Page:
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Extortionist arrested in Graz after murder threats

A 24-year-old man has been arrested after demanding that a woman in Carinthia pay him €310,000, or he would kill her two children.

Extortionist arrested in Graz after murder threats
Photo: Paul Gillingwater

He also told her he had planted bombs in and around her house.

She told the police, and special ops officers were able to arrest the man when she went to the agreed place to hand over the money.

The 53-year-old woman from Völkermarkt received an email on November 30th from an unknown sender, demanding she give him the money otherwise he would kill her two adult children.

He said he had left three explosive devices – in her house and the surrounding area – which he could detonate at any time. He also told her that she was under constant observation, and seemed to know a lot about her house and her family.

Gottlieb Türk, head of the Carinthian police service, said the woman was shocked and scared when she received the email. The man told her that she had to drop off the money in two instalments on Saturday night – at an address in Graz and another in Völkermarkt. “He gave very precise instructions about when and where the money was to be deposited,” Türk said. When she told the police they decided to lie in wait for the man in central Graz. When he turned up at the arranged meeting place, they arrested him.

He turned out to be a young unemployed man, also from Völkermarkt, who knew the woman and her family but was not a close friend. He told the police that he needed money and assumed that she had access to large sums of cash. It’s not clear why he decided to ask for a specific sum of €310,000, or why the money had to be handed over in Graz, in the state of Styria.

He managed to conceal his location and identity very well when sending the email. He has no previous criminal record. He’s now being held in custody in Klagenfurt.

For members

LIVING IN AUSTRIA

What happens if you get arrested in Austria?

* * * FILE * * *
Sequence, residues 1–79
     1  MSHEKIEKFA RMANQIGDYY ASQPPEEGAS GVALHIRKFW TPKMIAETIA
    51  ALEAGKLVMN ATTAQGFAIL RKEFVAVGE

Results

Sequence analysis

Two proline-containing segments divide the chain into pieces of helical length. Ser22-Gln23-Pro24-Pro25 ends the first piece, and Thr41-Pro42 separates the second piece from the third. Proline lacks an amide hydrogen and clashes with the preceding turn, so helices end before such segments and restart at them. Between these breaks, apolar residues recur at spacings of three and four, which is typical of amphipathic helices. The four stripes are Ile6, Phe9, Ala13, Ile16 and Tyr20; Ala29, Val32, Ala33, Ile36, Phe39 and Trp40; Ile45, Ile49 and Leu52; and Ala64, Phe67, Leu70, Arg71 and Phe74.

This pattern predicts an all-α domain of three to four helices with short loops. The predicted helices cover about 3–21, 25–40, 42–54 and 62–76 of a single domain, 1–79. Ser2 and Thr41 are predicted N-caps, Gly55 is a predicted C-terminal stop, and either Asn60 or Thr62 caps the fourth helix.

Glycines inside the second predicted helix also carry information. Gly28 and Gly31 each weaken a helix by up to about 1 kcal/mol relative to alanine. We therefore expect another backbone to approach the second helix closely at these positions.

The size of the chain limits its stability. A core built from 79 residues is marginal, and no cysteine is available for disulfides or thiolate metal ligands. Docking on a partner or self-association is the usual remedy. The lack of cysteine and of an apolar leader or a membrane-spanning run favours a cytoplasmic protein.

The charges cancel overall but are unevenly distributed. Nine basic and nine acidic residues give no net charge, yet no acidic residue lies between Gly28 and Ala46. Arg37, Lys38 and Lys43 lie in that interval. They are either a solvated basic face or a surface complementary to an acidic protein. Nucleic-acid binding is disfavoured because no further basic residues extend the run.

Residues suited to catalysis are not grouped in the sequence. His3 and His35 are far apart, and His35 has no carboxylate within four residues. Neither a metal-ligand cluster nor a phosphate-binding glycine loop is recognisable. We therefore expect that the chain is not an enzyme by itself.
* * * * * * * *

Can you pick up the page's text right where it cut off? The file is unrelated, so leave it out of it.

It’s always good to know your legal rights when living as a foreigner in Austria - including if you get in trouble with the police.

What happens if you get arrested in Austria?

Getting arrested is probably not high up on a list of must-dos for international residents in Austria, but it’s not a bad idea to know what would happen if you did.

In a nutshell, the process in Austria is similar to most other countries in that you have to be suspected of committing a crime to be arrested.

But what happens next? What are your rights? And how long can someone be held in custody?

Here’s what you need to know.

FOR MEMBERS: EXPLAINED: What cyclists and drivers in Austria need to know about new rules

When can someone be arrested in Austria?

If someone is suspected of being a criminal, they can be arrested by the police and taken to a police station for questioning. 

Under the Austrian Code of Criminal Procedure, suspects must be informed of their rights as soon as possible, or at the very least before being interrogated by the police.

They also have a right to remain silent or to make a statement, as well as consult a lawyer.

According to Vienna-based attorney Evert Vastenburg, the initial detainment after arrest can last up to 48 hours while a judge decides whether a person should remain in custody or not.

A suspect can then be released on bail or under certain conditions, such as handing over a passport to police.

However, those suspected of serious crimes that typically lead to a prison sentence of 10 years or more (if found guilty) are almost always remanded in custody.

READ MORE: Austria wary of cyber attacks after personal data of foreign residents leaked online

When is someone remanded in custody?

To be refused bail and remanded in custody, there must be serious suspicion that another crime could be committed. 

The judge also must believe there is no other way to deal with the suspect. For example, he/she needs to be readily available to the authorities for questioning.

Another valid reason to keep someone in custody past the initial 48 hours is the risk of someone absconding. In fact, Vastenburg says a flight risk is often assumed with people that do not live and work in Austria.

Other reasons to deny a suspect release are a risk that evidence will be destroyed, witnesses will be contacted, or there is a possibility that further crimes will be committed.

What happens if bail is denied?

If bail is denied and a person must be held in custody for more than 48 hours, they have to be legally represented by a lawyer.

If a suspect can’t afford to hire a lawyer, they will be appointed a Verfahrenshilfe (public defender) by the state.

The case will be then reviewed by a judge on a regular basis to decide if custody should continue.

The first review will take place after 14 days, then at one month and every two months, but a suspect can petition for release at any time.

READ ALSO: Six tourist scams to be aware of in Austria

How many foreigners are in Austrian prisons?

According to data from the Austrian Judiciary, the number of foreigners in Austrian jails as of June 1st 2022 was 4,332 – almost 50 percent of all prisoners.

In relation to the statistics, the Austrian Judiciary states: “The high proportion of foreigners is one of many challenges for the Austrian penal system. 

“In particular, with regard to successful rehabilitation, the fastest possible transfer to the countries of origin is encouraged.

The most common nationality of foreign prisoners in Austria is Romanian, followed by people from the former Yugoslavian states, Hungary, Nigeria and Turkey.

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